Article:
Much of March 2015 had stream levels above the Yellow Alert Stage, with a large portion of the month above Red Alert Levels due to snowpack melt down with rainfall.  Impressive given part of this creek has water held back by High Knob Lake & extensive wetlands in high valleys of The Glades.
*When whitewater levels reach around and above the Yellow Alert stage these steep creeks are a pounding ROAR, and become even more impressive when levels reach Red Alert or higher.
Reference Color Peak 2014 & Whitewater ROARS to see levels near the Yellow Alert Stage in Little Stony Creek Gorge amid a wet October 2014.
Looking North Toward The High Knob Lookout At 6:01 PM - March 9, 2015
Looking North Toward The High Knob Lookout At 6:01 PM – March 9, 2015
Snow cover of 1″ or more for 19 days during March pushed the seasonal tally to 94 days ( 13.4 weeks ) with 1″ or more of depth in High Knob Lake Basin of the High Knob Massif ( and adjoining northern slope basins ).

A general 8″ to 12″ of March snow above 3000 feet in the High Knob Massif pushed the seasonal snowfall tally into the 90″ to 130″ range above 3300 feet to nearly match observed totals during the 2012-13 Winter Season.

*Superstorm Sandy was the featured event during the 2012-13 Season with 30″ of snow depth measured on High Knob ( deepest of the winter ).  The Fast & Furious Thundersnow Event in January 2013 was the other main event that deposited  10″ to 15″ of snow depth in just a few hours.
Reference Historic Winter Storm Of October 2012 for details.
Reference The Fast & Furious Storm of January 2013 for details.
A general 75″ to 110″ fell during the 2013-14 Winter Season, with 76.6″ of snowfall in High Chaparral and 106.5″ atop Eagle Knob.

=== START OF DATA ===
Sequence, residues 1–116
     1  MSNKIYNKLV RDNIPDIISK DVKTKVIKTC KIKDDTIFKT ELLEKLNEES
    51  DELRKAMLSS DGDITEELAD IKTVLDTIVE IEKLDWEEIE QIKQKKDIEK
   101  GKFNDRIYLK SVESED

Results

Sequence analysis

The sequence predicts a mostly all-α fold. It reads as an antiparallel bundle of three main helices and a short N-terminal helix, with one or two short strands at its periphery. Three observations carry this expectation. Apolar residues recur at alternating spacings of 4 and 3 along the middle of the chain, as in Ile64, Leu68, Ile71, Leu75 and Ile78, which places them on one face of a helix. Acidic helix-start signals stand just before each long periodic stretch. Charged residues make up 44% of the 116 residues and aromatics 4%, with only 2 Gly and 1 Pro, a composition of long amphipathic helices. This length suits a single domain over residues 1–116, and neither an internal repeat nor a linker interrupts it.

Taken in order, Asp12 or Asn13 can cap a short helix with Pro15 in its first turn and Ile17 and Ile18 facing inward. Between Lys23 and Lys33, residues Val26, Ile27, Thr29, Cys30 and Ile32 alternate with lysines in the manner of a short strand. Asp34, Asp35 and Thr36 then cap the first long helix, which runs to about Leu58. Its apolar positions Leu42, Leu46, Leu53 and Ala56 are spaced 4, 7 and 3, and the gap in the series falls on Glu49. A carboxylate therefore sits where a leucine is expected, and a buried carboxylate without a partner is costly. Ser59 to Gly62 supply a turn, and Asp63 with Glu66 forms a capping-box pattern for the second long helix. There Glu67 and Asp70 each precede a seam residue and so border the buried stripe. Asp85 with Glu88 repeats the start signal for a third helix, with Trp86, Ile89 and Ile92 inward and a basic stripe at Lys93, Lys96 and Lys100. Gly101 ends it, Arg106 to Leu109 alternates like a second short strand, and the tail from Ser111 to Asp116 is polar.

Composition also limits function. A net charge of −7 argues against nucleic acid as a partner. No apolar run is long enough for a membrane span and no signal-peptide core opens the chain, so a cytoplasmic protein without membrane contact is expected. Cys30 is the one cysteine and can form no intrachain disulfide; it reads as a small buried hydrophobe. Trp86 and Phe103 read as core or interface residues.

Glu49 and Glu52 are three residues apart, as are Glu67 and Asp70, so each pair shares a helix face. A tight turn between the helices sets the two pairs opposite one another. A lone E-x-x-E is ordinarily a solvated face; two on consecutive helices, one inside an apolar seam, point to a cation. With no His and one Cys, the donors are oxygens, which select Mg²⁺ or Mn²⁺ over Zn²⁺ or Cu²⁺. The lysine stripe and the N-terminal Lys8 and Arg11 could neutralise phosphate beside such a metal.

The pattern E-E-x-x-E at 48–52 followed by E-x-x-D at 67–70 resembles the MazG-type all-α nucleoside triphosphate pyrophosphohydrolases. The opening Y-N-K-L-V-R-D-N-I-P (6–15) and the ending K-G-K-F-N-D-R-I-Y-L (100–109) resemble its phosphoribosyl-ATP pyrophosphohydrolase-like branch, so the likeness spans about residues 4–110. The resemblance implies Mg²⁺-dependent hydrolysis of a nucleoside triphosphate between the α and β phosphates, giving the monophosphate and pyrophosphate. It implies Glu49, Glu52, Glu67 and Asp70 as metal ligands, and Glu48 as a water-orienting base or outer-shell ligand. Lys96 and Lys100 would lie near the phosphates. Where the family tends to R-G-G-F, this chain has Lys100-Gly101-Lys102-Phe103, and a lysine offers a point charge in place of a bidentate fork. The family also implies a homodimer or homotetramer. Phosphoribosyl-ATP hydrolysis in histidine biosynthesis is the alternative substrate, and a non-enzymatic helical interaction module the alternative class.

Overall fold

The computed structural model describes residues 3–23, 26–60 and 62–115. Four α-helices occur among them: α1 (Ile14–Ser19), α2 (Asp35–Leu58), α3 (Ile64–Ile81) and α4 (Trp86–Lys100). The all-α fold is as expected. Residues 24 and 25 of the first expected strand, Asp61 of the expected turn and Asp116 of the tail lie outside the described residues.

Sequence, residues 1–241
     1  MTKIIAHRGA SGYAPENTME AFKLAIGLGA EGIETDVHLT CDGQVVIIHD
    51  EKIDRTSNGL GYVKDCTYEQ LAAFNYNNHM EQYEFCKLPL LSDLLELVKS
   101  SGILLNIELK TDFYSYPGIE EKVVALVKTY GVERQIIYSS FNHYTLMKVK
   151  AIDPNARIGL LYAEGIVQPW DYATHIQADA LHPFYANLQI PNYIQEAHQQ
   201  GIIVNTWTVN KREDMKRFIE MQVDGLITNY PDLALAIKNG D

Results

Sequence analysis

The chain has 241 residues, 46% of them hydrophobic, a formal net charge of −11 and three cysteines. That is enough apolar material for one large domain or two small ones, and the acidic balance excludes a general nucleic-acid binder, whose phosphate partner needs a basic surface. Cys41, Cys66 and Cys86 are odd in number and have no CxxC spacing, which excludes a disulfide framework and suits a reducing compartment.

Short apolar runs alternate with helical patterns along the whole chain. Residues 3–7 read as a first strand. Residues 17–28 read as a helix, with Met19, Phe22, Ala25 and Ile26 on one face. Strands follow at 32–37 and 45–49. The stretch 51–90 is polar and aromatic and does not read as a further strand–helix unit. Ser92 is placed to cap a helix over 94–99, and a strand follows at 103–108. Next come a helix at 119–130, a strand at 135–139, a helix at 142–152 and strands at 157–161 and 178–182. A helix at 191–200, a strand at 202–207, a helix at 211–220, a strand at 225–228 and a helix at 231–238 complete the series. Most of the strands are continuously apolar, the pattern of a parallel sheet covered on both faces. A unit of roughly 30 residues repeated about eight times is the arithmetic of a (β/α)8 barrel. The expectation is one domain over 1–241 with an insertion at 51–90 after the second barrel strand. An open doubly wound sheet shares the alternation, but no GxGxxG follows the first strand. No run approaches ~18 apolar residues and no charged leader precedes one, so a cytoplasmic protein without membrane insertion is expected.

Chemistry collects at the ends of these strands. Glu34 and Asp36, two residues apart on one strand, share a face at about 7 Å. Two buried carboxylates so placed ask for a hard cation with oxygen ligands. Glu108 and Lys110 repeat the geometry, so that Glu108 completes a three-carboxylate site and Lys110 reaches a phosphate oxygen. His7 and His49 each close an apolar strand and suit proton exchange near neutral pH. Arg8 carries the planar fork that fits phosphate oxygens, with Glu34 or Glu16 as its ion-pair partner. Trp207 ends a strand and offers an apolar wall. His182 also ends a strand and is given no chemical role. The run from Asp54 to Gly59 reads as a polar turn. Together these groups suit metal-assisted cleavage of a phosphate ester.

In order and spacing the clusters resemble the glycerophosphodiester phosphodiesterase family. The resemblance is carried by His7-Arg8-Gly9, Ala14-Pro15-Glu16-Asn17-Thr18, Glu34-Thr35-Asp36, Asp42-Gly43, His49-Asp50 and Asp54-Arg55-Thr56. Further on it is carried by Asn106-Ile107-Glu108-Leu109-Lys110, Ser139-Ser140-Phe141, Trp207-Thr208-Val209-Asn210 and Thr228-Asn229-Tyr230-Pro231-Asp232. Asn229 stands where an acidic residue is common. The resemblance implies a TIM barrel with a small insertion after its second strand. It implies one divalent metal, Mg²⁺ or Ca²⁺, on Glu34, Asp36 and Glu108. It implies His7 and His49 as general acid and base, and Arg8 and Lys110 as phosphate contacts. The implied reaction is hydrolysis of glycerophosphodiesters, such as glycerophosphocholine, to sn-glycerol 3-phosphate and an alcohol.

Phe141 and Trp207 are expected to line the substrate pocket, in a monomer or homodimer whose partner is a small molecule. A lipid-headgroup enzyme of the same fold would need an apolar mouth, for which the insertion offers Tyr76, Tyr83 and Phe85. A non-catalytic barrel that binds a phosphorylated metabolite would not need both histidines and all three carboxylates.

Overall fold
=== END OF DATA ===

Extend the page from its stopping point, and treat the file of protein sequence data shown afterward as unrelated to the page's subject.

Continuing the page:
*The deepest snow depth period during Winter 2013-14 occurred during February 12-16 in 2014, with 20″ to 30″ of snowfall across the High Knob Massif ( knee to waist deep snow ).
Reference Winter Storm Buries The High Knob Landform for details.

A precipitation update from Big Cherry Dam finds that March was the second consecutive month with 8.00″ or more of total water equivalent precipitation.

Big Cherry Lake Dam

Orographic Forcing Season
Monthly Precipitation Totals

Observers: Gary Hampton & Staff
Elevation 3120 feet

October: 9.40″

November: 4.02″

December: 5.54″


January: 2.87″

*February: 8.07″

March: 8.13″

January-March Total: 19.07″

October-March Total: 38.03″

Average Per Month: 6.34″

*The February 2015 total was based mostly upon snow cores and measured snowfall, with the rain gauge busting amid extreme cold at the Dam and having to be replaced.
Big Cherry Dam has missing data due to evaporation between hand-measurements, which average one per week, and rain gauge moisture losses in falls of snow too deep for the gauge to physically contain.
Whitewater ROARing In South Fork Gorge
Whitewater ROARing In South Fork Gorge – March 11, 2015

The greatest precipitation totals in the High Knob Massif during March 2015 were between 9.00″ and 10.00″ across northern slopes south of the City of Norton, near heads of basins holding the Norton Reservoirs, High Knob Lake and Big Cherry Lake ( between 3000 & 4000 feet in elevation ).

*January-March precipitation totals of up to 21.00″ are figured for the area centered upon basin heads of Big Cherry Lake, High Knob Lake, and the Norton Reservoirs ( gauge total at Big Cherry Dam is greater than shown due to moisture losses; although, snow cores helped to make the February 2015 total better than those based upon raw gauge catch due to losses of snow in strong winds ).